But Gray said they taught him two lessons: He is good enough to compete and possibly dominate, and he needed a new weapon. As soon as the Rockies shut him down with two weeks left in the season, he began working on a new curveball.
Gray lit up like a kid on Christmas when talking about a pitch that could be a shiny new addition to an impressive arsenal that includes a fastball in the 93-96 mph range, and a slider averaging close to 87 mph.
"I'd never thrown a curveball in my life, could never get the spin," said Gray, who purchased a two-foot artificial tree for the first Christmas for himself and his wife, Jacklyn. "I would always watch videos before my start of dominant righties -- Yu Darvish, Felix Hernandez, Gerrit Cole, Garrett Richards. I noticed a lot of them had something really slow to throw a hitter off. I saw that as a weapon, if I could learn it. I asked the coaches if they could start working with me on one. They were pretty open about it."
Bullpen coach Darren Holmes, whose curveball helped him thrive as a member of the Rockies' bullpen from 1993-97, taught Gray how to make the pitch work consistently. Gray said he already is creating a consistent "12-6" downward break (think of the hands of a clock at 12:30]. He hopes his new toy floats in "below 80, maybe at 75," which would be slower than his changeup, which travels at about 85 mph.
But it's more than the added pitch. It's the enthusiasm with which Gray is attacking it. After a down-then-up season at Triple-A Albuquerque and some hard lessons in the Majors, Gray is not spooked. That'll do him good, especially at Coors Field.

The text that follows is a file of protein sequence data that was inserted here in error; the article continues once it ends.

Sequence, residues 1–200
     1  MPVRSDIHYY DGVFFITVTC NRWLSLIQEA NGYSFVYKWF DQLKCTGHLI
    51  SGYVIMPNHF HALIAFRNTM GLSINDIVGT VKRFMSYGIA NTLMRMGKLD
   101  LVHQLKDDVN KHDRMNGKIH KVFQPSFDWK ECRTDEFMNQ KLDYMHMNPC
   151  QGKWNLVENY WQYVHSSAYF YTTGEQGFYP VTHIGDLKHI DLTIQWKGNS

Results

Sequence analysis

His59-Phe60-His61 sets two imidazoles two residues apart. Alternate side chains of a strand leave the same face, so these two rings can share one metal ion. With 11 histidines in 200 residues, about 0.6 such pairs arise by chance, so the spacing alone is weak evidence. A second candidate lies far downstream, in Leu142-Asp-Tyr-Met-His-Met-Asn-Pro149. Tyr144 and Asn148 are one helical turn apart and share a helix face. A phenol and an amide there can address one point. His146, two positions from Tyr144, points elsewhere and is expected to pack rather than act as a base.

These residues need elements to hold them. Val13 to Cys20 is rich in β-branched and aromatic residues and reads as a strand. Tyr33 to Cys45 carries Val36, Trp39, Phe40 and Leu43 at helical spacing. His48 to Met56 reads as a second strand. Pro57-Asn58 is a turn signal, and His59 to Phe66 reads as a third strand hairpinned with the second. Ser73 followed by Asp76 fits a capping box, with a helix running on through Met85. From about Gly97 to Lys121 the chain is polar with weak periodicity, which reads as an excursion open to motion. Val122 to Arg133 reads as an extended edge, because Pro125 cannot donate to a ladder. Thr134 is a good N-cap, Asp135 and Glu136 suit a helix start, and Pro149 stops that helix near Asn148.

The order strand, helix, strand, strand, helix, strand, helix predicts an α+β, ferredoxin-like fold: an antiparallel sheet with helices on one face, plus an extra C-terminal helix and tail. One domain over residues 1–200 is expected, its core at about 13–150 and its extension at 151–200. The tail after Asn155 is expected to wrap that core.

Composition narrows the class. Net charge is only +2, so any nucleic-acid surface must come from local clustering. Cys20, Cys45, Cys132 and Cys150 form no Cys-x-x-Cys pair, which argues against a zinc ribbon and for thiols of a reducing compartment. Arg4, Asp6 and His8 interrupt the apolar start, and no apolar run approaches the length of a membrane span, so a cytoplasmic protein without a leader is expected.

Gray unwittingly created fears that he'd be yet another pitcher terrified at pitching at altitude after his final start, when the Pirates bested him for five runs and nine hits, including two of the four homers he yielded, in 4 2/3 innings on Sept. 21. Wearing a black hoodie, Gray seemed perplexed in postgame interviews. Having ERA splits of 2.70 road and 8.27 home happens, especially in such a small sample size. But seeming bothered by it -- "I just can't find that, whatever it is, to make an adjustment to pitch in this place," he said then -- is a red flag for pitchers in purple pinstripes.
"I've shown I can be good, I've shown I can be bad," said Gray, who plans to head Scottsdale, Ariz., by New Year's Day to begin working out at the team's training center. "I don't want people to focus on the negatives, the bad ones.
"And pitching at elevation, I want to be consistent there. I don't think it' something I can't deal with. If it was, I'd say it. It was the same thing at Triple-A Albuquerque. I struggled at first. The first five or six starts, they were pretty bad. But I found a way to pitch at that place. I know that I can do the same here."
The Rockies believe in him, and expect him to prove worthy of being in the season-opening rotation.
"I saw a lot of growth, especially on the mental, the emotional side," Rockies manager Walt Weiss said. "I think he showed a lot of composure, a lot of poise on the mound, wasn't effected by the tough inning, the tough outing. His ability to bounce back from those type of things was very good. His stuff is top-shelf stuff. He's one of the guys I'm very excited about."
The expectations don't make Gray nervous at all. He said it has been a relaxing offseason, with the only hiccup being the surprisingly huge crowd he and Jacklyn navigated for the opening of a well-known Christmas lights celebration at Rhema Bible College in Tulsa, Okla. "It was more people than I'd been around at any point in my life, so we had to get out of there, quick," Gray said.
But he looks forward to pitching in front of large crowds, and pleasing the ones at Coors Field.
"I don't feel much pressure at all," Gray said. "It's not like I hope I can be that guy, because I know I can."